67% to 92% of surgical patients prescribed opioids reported having unused medication.
More than 2 out of 3 patients who were prescribed opioids for pain report that they have leftover medication, and that it doesn’t get safely stored or disposed of, according to a study examination from Johns Hopkins.
Opioid use is a topic of contention across the United States, and just as recently as last week, a special commission designated by the president called on him to declare a state of emergency on the matter.
Every month, nearly 4 million Americans utilize opioids for nonmedical purposes, according to the 2015 National Survey on Drug Use and Health.
“The combination of unused opioids, poor storage practices, and lack of disposal sets the stage for the diversion of opioids for nonmedical use,” Mark C. Bicket, MD, assistant professor and director of the pain fellowship program in the department of anesthesiology and critical care medicine at Johns Hopkins University (pictured), and colleagues wrote.
Data consisted of 6 studies involving 810 patients that had undergone orthopedic, obstetric, thoracic, or general surgeries. The findings of those studies revealed that 67% (542 patients) to 92% (745 patients) of the participants reported having unused, leftover opioid prescription medicines.
Across the different surgery populations inspected, general surgery saw the highest percentage of patients with unused opioids, at 92%. General surgery was followed by dental surgery (91%), Cesarean delivery (90%), dermatological surgery (89%), thoracic surgery (81%), orthopedic surgery (77%), and urologic surgery (67%).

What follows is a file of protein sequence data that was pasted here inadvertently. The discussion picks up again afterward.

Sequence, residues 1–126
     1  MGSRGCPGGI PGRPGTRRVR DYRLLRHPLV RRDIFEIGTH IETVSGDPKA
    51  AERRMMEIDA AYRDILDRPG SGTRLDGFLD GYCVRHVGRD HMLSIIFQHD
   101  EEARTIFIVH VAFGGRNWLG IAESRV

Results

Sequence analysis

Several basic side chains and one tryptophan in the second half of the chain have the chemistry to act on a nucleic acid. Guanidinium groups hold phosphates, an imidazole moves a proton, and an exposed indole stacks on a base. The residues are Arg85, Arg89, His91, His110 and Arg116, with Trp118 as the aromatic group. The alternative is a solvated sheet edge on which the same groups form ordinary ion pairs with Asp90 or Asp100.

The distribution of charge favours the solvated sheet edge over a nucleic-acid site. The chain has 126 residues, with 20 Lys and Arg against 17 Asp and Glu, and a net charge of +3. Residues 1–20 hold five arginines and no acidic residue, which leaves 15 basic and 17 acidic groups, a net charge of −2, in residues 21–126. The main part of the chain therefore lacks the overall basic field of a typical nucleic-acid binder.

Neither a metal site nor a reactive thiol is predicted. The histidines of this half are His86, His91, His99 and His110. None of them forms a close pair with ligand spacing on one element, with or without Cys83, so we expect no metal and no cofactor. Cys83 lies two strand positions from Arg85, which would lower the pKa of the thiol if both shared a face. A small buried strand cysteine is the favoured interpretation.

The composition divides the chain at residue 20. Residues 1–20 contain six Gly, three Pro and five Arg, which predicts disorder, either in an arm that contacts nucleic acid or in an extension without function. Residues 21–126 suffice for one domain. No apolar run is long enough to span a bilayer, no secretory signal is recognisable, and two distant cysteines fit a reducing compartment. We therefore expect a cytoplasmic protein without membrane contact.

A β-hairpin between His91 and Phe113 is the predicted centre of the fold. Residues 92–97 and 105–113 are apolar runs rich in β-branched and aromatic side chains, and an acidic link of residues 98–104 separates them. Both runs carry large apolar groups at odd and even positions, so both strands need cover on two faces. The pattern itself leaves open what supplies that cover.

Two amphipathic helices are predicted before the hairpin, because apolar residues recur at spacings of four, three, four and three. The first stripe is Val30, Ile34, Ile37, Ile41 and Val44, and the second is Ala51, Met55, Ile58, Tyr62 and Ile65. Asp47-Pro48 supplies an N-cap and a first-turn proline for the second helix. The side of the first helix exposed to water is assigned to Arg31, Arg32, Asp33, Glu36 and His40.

In 2 of the studies examined, storage safety was assessed, revealing that 73% to 77% of patients with leftover medication did not store their opioids in a locked container. Across all studies, it was found that only 9% of patients used proper disposal methods recommended by the US Food and Drug Administration.
In total, 42% to 71% of the prescribed tablets given to patients went unused.
All in all, most of the patients reported their use of the opioids halting because pain control was sufficient. In 1 of the studies examining thoracic surgery patients, 8% of them stated they did not take their prescriptions for fear of addiction. Across all studies, between 16% and 29% of patients said they experienced opioid-induced adverse effects.
"Increased efforts are needed to develop and disseminate best practices to reduce the oversupply of opioids after surgery, especially given how commonly opioid analgesics prescribed by clinicians are diverted for nonmedical use and may contribute to opioid-associated injuries and deaths," Bicket and colleagues concluded.
The authors recommended against a “one-size-fits-all” approach to opioid prescriptions, stating that these prescriptions are mostly unnecessary. The authors also reminded that national guidelines suggest a greater use of nonopioid analgesics like nonsteroidal anti-inflammatories, acetaminophen, and gabapentinoids, in addition to exercise, cold, and heat, among other nonpharmacological approaches.